This design, it's been further reported, has changed on subsequent model years (and on 2018's which have received a particular dealer flash) to allow the 3.6L to, on second crank attempt, switch over to the main battery to crank the rig, if the initial try shows the ESS battery failing its test--throwing a diagnostic code to the driver which I imagine involves a dealer replacing the ESS/Aux battery and/or determining the cause of its being drained if other vehicle components are to blame.

The implications of this initial test of the ESS/Aux battery in isolation prior to crank, and it passing a basic threshold of charge test before a crank would be attempted by the vehicle upon user pressing of the brake and start button (I imagine remote start too) meant that in order to jump start the 3.6L, a waiting period was required while the donor energy source (in this case a power pack) would sit on the main battery (which is connected in parallel to the ESS/Aux battery at all times but for this aforementioned pre-crank test and ESS events) and charge the ESS battery enough to pass this pre-crank test.

This waiting requirement, born of the logic of how the vehicle cranks, must no doubt deplete in part the jumper pack, especially since it's also charging the main battery. Power packs are often designed to deliver lots of current in short time frames so as to overcome the forces of inertia and crank the engine, more than as a battery charger.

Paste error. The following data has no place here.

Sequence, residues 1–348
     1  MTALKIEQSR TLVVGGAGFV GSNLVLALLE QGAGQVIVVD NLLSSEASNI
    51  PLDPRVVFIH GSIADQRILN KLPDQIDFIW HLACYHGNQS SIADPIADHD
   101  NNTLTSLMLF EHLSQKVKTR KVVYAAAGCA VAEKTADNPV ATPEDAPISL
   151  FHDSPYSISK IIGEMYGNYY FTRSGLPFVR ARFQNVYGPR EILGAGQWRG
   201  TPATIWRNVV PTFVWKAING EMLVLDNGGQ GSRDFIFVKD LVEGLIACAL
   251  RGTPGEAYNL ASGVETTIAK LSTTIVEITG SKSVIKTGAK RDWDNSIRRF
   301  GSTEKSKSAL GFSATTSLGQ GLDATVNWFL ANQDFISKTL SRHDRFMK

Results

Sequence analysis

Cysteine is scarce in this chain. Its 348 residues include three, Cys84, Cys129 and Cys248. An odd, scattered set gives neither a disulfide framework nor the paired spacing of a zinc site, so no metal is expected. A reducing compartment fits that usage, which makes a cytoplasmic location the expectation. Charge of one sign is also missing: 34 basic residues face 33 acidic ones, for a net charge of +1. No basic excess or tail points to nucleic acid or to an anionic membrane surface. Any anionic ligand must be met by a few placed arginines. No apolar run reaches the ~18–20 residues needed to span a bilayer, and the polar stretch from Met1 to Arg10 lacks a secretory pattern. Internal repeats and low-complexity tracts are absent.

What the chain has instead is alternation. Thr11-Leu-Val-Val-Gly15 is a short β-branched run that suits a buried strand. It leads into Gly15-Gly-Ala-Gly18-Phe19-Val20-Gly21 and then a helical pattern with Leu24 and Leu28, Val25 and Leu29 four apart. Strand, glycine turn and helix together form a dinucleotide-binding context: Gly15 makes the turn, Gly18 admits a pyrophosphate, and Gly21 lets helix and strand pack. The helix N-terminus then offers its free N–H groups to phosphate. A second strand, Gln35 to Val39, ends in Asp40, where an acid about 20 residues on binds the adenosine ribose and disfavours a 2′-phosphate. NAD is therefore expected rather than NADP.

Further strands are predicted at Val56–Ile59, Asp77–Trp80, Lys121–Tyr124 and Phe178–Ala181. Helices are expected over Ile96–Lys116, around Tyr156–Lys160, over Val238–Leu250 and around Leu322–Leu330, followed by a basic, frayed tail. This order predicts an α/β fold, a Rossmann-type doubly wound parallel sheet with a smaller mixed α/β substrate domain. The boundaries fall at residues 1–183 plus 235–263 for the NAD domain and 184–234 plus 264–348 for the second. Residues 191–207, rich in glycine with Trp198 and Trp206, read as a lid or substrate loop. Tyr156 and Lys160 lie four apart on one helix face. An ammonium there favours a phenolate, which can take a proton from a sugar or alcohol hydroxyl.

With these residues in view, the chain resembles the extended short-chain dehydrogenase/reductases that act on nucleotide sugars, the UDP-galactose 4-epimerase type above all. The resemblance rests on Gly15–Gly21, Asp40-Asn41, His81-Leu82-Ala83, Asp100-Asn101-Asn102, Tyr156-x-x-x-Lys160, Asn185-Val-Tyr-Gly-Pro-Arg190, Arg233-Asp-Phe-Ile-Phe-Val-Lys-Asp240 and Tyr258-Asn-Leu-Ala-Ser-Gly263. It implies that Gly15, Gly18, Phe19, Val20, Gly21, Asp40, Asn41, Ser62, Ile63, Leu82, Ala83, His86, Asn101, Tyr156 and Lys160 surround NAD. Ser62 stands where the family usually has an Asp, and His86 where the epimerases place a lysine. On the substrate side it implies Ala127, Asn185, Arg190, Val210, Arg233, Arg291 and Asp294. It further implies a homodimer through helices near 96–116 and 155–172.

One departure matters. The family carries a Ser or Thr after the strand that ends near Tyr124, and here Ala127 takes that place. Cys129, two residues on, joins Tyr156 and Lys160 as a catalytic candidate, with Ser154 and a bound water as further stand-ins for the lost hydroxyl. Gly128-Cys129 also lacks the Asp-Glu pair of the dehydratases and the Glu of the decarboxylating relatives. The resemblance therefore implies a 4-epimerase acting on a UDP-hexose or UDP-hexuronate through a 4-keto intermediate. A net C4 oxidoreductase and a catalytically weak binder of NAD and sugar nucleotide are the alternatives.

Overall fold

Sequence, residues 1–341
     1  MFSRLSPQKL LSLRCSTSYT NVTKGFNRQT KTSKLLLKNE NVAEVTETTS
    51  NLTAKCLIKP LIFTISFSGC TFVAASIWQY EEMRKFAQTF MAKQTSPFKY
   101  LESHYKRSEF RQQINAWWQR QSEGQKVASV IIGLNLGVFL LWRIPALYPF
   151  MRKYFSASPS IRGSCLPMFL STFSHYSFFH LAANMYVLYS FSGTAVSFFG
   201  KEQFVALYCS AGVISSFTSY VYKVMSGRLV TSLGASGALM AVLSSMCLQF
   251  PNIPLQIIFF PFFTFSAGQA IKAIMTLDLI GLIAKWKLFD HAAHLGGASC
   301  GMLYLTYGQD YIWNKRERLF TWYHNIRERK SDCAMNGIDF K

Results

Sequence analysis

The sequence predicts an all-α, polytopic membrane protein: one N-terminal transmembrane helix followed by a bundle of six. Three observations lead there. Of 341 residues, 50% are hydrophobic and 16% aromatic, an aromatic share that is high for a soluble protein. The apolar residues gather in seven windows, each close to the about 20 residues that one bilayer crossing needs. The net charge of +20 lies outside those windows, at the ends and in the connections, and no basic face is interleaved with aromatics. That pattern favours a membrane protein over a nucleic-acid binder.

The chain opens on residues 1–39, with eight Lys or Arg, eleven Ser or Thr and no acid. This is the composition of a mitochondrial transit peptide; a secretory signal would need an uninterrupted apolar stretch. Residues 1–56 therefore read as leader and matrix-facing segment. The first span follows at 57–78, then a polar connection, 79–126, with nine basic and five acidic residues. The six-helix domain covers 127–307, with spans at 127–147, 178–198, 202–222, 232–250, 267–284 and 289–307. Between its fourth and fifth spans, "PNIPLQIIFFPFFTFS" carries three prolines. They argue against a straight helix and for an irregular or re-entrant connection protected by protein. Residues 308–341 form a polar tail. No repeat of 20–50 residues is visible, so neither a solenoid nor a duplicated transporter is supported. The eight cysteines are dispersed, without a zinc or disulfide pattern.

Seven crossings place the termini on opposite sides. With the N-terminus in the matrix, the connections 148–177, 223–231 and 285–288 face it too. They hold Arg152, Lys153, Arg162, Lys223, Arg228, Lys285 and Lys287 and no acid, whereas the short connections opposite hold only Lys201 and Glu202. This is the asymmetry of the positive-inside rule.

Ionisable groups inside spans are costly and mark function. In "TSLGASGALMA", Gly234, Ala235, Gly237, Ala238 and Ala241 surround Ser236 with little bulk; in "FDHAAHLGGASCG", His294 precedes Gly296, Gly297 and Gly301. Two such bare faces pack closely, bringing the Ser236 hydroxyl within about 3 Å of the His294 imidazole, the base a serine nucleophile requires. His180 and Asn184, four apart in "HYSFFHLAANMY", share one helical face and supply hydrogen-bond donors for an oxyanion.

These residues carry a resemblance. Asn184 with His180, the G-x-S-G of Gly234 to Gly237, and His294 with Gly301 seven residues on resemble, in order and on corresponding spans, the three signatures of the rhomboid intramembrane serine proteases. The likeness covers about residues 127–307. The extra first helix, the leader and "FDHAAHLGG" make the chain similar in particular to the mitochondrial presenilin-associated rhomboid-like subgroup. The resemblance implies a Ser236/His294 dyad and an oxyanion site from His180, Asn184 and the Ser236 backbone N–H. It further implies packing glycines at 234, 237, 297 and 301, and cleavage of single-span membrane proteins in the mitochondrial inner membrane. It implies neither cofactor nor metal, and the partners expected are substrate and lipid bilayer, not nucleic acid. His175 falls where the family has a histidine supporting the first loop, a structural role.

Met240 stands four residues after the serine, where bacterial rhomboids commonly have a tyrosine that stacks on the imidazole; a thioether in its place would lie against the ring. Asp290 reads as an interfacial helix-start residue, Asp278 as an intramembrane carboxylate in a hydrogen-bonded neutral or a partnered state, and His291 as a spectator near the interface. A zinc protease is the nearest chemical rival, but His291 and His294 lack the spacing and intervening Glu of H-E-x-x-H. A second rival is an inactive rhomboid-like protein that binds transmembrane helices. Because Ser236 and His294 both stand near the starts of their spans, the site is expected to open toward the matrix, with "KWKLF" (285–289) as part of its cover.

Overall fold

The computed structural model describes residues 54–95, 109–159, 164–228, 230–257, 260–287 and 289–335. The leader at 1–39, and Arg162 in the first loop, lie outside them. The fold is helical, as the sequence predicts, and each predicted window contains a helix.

I would not confuse this with the waiting time of a donor cranked vehicle, whose alternator might allow a donor battery to top off its power before a jump start is attempted, while it also puts some basic power into the (sole) battery of, say, a sedan with a dead battery.

Bottom line, the irony here is that in order to charge the ESS/Aux battery enough for the rig to attempt the crank, the power pack may be depleted in current enough to not have the power to crank the engine once the 3.6L JL sees sufficient charge in the ESS/Aux battery (care of this very power pack) and "green lights" the crank to be tried.

Hopefully less power pack failure results under the new start logic of either battery cranking the rig, where less of a waiting period occurs, a crank is attempted and fails, the 3.6L switches to the main battery (and power pack parallel connected to it) and then the second crank attempt succeeds.
 

neil

Well-Known Member
First Name
neil
Joined
Sep 21, 2020
Messages
680
Reaction score